The focus on encouraging girls in education is a long-standing worldwide initiative. IREX, which administers the Teachers for Global Classrooms program that inspired this blog, has a wonderful resource on providing supporting teaching environments for boys and girls.

A Norwegian university completed a study that shows children who do regular, moderate to vigorous exercise are less likely to come down with depression as teens. Here are some ideas for incorporating movement in your classroom.

In Dubai, there’s a growing focus on teaching empathy and encouraging well-being and happiness. United Arab Emirates, by the way, is one of the few countries to have elevated happiness to a cabinet-level position; read this story from the Los Angeles Times about the UAE Minister of Happiness. Here’s another innovation they’re trying in the UAE: licensing teachers.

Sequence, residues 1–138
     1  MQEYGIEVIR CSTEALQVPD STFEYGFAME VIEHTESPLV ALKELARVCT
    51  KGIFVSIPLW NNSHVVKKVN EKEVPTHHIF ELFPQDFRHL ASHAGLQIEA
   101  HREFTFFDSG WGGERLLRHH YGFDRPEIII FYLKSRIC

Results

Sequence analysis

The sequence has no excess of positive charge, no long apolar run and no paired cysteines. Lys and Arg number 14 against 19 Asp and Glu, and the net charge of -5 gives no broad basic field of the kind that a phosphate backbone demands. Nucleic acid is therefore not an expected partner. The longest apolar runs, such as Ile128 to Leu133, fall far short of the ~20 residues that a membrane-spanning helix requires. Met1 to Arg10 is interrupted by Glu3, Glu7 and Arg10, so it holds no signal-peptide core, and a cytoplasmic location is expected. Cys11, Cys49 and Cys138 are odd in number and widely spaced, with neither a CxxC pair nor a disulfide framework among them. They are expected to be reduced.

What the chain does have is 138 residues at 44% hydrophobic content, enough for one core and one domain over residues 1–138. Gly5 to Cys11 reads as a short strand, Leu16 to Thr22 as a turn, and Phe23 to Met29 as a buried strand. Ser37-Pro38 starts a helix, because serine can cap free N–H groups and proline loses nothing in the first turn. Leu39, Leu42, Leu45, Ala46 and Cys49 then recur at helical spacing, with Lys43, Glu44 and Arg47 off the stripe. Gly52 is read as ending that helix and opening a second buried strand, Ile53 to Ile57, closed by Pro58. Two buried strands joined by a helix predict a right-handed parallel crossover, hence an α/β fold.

Here’s a British educator who thinks emotional well-being should be part of the test results schools must report. The Irish agree.

More about Ireland: The government has several plans for changing education in that country, including making computer science an exam-level subject.

An Australian teacher shows us all how to start the school year.

A Michigan middle-school science teacher found a way to get his students to act locally and think globally.

Minecraft is not just an addictive game. This article reports that 75,000 teachers are using it for lesson. And here’s a teacher in Brazil using Pokemon Go for teaching.